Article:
History of Tamluk
History tells us that the rivers have been central to urban settlement and development in the subcontinent from the ancient period. The Indus and the Ganges were cradles of ancient civilization. Tamluk was a civilisation based on Bay of Bengal and Rupnarayana River. The most important natural resource of this area was water from the rivers and sea. It was known as Tramralipti or Tamralipta in Mahabharata or Tamalitti in foreigners' descriptions or Tamluk in the British Raj. It was a seaport, now buried under river silt. For this reason, Tamluk houses many ponds and lakes today also. According to Jain sources, Tamralipti was the capital of the kingdom of Venga and was long known as a port.
Geography of Tamluk
Tamluk has an average elevation of seven meters. This ancient port city and kingdom is bounded by the Bay of Bengal in the south, River Rupnarayana in the east and Subarnarekha River in the west. The Rupnarayana is the joint flow of the Dwarkeshwar River and the Shilai River. The Bay of Bengal and these great rivers and their numerous branches created a prosperous and easy water navigational system fostering commerce, culture and early contacts with the people outside the region. At the same time, these rivers helped to develop the agriculture in this region.
Demography of Tamluk
As per the census of India, Tamluk has a population of 45,826. Males constitute 52 percent and females 48 percent of the population. 11 percent of the population is under 6 years of age. Tamluk has an average literacy rate of 77 percent, higher than the national average of 59.5 percent: male literacy is 83 percent whereas female literacy is 72 percent.
Culture of Tamluk
People of Tamluk are quite cultured. The place is always praised for its rich cultural activities. There are a number of arts schools, dance schools and theatre groups. There is also an important craft centre, located just 85 km south-west of Kolkata. Tamluk has always been well connected with the Gangetic Plains. In fact, there is evidence to suggest that the culture of Aryavarta influenced life in early Tamluk. The worship of Bheema is a sign of the socio-religious acceptance of Aryan culture in this area. Even in the recent past, Tamluk was divided into many areas based on caste and occupation, such as Malakar Para (flower traders), Adhikary Para (Brahmins), Dey Para (gold traders) and Mathore Para (sweeper's colony). Tamluk celebrates a number of religious fairs and festivals including Charak Mela, Makar Sankranti Barunir Mela, Bhim Mela, Kali Mela and Ratha Yatra.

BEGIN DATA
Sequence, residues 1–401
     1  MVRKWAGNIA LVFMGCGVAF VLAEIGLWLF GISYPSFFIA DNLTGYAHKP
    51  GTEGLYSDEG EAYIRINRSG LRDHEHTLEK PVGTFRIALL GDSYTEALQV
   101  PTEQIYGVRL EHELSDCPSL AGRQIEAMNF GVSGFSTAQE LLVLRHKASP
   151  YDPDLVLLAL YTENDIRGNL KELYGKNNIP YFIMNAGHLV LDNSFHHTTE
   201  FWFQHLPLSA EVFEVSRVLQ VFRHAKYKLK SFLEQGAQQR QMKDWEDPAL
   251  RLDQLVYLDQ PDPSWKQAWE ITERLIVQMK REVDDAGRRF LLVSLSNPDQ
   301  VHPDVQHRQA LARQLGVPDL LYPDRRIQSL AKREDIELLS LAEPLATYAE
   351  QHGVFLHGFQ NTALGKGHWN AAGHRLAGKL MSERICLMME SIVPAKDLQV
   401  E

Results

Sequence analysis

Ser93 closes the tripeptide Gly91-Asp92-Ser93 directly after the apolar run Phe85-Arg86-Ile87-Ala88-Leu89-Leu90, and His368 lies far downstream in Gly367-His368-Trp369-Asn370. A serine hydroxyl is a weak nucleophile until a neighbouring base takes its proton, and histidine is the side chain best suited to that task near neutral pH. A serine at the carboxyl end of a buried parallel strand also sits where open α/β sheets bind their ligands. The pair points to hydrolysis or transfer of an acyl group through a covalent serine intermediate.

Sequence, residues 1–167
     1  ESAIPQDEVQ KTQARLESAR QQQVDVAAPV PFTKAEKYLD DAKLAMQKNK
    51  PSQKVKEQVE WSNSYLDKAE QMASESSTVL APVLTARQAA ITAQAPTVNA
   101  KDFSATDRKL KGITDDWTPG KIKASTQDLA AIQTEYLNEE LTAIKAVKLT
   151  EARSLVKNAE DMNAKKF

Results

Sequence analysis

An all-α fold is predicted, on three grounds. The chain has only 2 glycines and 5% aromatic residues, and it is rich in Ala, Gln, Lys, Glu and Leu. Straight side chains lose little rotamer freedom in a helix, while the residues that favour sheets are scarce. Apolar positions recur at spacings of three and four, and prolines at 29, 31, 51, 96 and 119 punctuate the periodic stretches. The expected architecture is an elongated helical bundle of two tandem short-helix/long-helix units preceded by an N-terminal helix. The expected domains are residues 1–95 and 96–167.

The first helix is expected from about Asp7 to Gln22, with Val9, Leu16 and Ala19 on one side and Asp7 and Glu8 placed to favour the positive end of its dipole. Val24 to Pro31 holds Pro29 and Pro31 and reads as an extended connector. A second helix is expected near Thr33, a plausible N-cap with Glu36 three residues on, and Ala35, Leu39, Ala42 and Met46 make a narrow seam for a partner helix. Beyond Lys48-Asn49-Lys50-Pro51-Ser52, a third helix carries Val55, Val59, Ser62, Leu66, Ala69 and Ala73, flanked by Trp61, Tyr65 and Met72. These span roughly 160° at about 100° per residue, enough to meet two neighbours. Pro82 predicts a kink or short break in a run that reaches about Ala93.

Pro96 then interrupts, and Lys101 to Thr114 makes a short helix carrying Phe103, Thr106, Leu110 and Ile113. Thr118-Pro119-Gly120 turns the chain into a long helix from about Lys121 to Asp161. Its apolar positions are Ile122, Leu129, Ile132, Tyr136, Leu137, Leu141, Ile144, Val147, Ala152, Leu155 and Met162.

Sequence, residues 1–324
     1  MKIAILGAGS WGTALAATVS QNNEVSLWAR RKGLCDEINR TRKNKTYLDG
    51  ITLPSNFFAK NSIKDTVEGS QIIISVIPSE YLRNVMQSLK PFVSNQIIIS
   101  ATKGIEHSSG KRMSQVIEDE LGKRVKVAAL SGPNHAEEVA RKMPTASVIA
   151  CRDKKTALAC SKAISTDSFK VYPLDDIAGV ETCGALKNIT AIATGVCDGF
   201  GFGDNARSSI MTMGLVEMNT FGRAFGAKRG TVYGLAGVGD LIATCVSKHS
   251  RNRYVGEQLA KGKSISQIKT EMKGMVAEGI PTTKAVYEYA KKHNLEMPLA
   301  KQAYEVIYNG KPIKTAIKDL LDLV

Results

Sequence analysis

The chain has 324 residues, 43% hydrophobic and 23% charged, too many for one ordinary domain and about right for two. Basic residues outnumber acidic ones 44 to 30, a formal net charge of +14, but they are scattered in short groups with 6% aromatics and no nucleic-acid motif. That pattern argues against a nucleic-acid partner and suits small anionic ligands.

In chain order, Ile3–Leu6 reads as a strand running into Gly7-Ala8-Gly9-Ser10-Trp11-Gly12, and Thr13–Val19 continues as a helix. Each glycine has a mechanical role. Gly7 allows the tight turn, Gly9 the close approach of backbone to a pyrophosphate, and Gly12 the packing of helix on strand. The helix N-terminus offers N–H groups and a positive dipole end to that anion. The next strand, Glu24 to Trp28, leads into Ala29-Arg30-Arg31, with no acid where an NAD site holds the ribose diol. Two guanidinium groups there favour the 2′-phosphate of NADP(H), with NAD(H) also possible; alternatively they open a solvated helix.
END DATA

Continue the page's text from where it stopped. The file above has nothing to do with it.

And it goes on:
Government of Tamluk
The District Magistrate, who is one of the officers of Indian Administrative division, is the head of the Tamluk and its district Purba Midinipur. The Superintendent of Police, an officer belonging to the Indian Police Service, is responsible for maintaining law and order in the district.
Economy of Tamluk
Tamluk is mainly an agricultural area. About 60 percent of the land is under cultivation. Tamluk is one of the largest producer and exporter of betel leaves. Once fishing was also an important occupation of the local residents. Hilsa Fish (Ilish Mach) of the River Rupnarayan is very famous for its taste. Main crops of Tamluk are rice, bananas, coconut, potatoes, cotton, fresh vegetables and the agricultural products of the region are betel leaves and cashew nuts. Tamluk is also one of the highest "premium collecting area" of LIC in pan India basis.
Tourism in Tamluk
The bank of Rupnarayan River and green fields near the rail station are popular picnic spots in Tamluk. Tamluk Rajbari is located in the outskirts of town which once housed one of the many kings in West Bengal. There is also an Archaeological Museum in Tamluk which is a must see place of the town. Tamralipta Museum at Tamluk contains artefacts of 'tamra' or copper. Inscribed copper templates comprise the documents of this museum. The museum has preserved a tamralipta of Greek inscriptions. The museum preserves the historical heritage of Bengal. Rakhit bati is another place to visit in Tamluk. In the beginning of 19th century it was famous as a secrete centre of the then revolutionary parties "Anusilan Samiti" and "Gupta Samiti".
Matangani Sahid Smarak, at the side of pond called Banpukur at Abasbari Para near Tamluk Court, is another place of tourist interest. During the "Ahimsa" movement of 1942, while a crowd was trying to capture Tamluk administrative building, British police open fired, in which Smt. Matangini Hazara was killed. Later on, Mahatma Gandhi appreciated her bravery and titled her as "Birangana". This monument was created to pay homage to her by the ex- prime-minister, Smt Indira Ghandhi.
Religious places of Tamluk include Barghobhima Mandir, Harir Mandir, Mahaprabhur Dalan, Jishnu-Hari Mandir Radhamadhav, Radharaman Mandir (at Rajbari) and Ramkrishna Mission Sevashram. Sanatan Shakti Peeth is another important pilgrimage site of Hindus and is one of the 51 sacred places of Shakti Peeth. The temple's presiding deity is Shri Barghobhima Devi.